38. 38. Brunel Industrial Designer Interaction Designer User Experience Consultant Director of User Experience Head of User Experience Yell PA Consulting Flow Oyster / Framfab / LBi The Team RMA Plan ‘96 ‘15 – Service designer – Product strategist – Researcher – Designer – Leader – Manager – Consultant
  39. 39. 4 years Local leader Interaction Design Association L o n d o n Subjects over 4 years Internet of Things Future of publishing Urban environment Smart materials Mobility / Automotive Clinical applications
  40. 40. My personal context Confidence Shy Vocal Leader / Manager Good Terrible Working preferences With others By myself
  41. 41. Building on research
  42. 42. Industrial Designers Industrial Designers Digital / UX Designers Interviewed over 40 designers
  43. 43. Experience with big names Consultancies Manufacturers Education
  44. 44. Building on recent project experience A new transportation service – Helps people unlock London – Mobile apps and wider digital services – Spaces, places, people, vehicles, interactions Icons created by Vicons Design from the Noun Project ?
  45. 45. Key project partners – Automotive client – Call centre services company – Brand agency – App development company – Systems integrator – Product strategy consultancy – Marketing and advertising company – Political negotiations – PR groups – Maintenance company – Hardware companies – Payment provider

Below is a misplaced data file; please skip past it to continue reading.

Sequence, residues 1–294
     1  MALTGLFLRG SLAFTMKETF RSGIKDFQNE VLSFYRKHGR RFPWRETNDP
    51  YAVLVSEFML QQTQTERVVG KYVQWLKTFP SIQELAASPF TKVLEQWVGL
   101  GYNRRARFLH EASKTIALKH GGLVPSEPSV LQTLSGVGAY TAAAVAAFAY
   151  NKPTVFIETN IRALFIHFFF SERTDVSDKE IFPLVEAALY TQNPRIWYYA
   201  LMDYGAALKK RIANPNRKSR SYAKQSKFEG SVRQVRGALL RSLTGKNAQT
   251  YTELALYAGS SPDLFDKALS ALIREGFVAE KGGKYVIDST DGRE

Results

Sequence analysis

46. 46. Current project roles – Algorithm experts – Product owners – Product designers – Developers – Researchers – 2D Designers – 3D Designers – Design strategists – Product strategists – Content strategists – Strategist strategists
  47. 47. A lot of overlaps in what we contribute to – Proposition – Service ideas – Marketing ideas – Design details – Language A lot of opinions about everything
  48. 48. How can we better collaborate with an increasing number of stakeholders of different backgrounds? ?
  49. 49. Endless advice on how to collaborate
  50. 50. Too many half answers and silver bullets
  51. 51. We have plenty of tools and techniques
  52. 52. Workshop tricks ain’t gonna save us But this is a great book
  53. 53. Agile or Lean ain’t gonna save us But there’s mileage in some of the approaches for some of our projects
  54. 54. Post-its ain’t gonna save us But we do have a healthy obsession
  55. 55. Slack ain’t gonna save us Although it helps with ongoing banter
  56. 56. SharePoint? Everything but a place to share
  57. 57. Skype ain’t gonna save us WebEx, hangouts and more all suffer from the same problem
  58. 58. A useful exercise, for sure, but hard to do all the time Or even sketching + prototyping together
  59. 59. Neither will an experience map Although communication tools do help especially if others are involved
  60. 60. These are all valuable tools at your disposal But they are not enough
  61. 61. We also have some useful scientif-ish theory
  62. 62. Jazz ain’t gonna save us Although I totally embrace some of the principles behind this
  63. 63. There are useful models in team dynamics